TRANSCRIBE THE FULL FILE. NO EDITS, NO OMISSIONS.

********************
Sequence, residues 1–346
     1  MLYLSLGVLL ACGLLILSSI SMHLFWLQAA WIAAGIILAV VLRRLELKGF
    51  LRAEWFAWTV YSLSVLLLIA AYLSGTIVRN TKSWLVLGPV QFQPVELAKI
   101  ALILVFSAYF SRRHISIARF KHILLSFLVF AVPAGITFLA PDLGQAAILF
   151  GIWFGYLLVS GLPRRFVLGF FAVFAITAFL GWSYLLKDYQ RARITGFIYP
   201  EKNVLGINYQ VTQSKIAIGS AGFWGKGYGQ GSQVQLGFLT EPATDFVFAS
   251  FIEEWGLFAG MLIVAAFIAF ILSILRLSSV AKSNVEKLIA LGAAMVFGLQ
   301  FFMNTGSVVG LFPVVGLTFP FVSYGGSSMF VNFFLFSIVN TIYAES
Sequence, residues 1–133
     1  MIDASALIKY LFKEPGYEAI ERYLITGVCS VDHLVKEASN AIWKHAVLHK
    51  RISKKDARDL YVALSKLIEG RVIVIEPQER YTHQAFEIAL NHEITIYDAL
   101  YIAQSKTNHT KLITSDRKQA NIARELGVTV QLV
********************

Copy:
Sequence, residues 1–346
     1  MLYLSLGVLL ACGLLILSSI SMHLFWLQAA WIAAGIILAV VLRRLELKGF
    51  LRAEWFAWTV YSLSVLLLIA AYLSGTIVRN TKSWLVLGPV QFQPVELAKI
   101  ALILVFSAYF SRRHISIARF KHILLSFLVF AVPAGITFLA PDLGQAAILF
   151  GIWFGYLLVS GLPRRFVLGF FAVFAITAFL GWSYLLKDYQ RARITGFIYP
   201  EKNVLGINYQ VTQSKIAIGS AGFWGKGYGQ GSQVQLGFLT EPATDFVFAS
   251  FIEEWGLFAG MLIVAAFIAF ILSILRLSSV AKSNVEKLIA LGAAMVFGLQ
   301  FFMNTGSVVG LFPVVGLTFP FVSYGGSSMF VNFFLFSIVN TIYAES
Sequence, residues 1–133
     1  MIDASALIKY LFKEPGYEAI ERYLITGVCS VDHLVKEASN AIWKHAVLHK
    51  RISKKDARDL YVALSKLIEG RVIVIEPQER YTHQAFEIAL NHEITIYDAL
   101  YIAQSKTNHT KLITSDRKQA NIARELGVTV QLV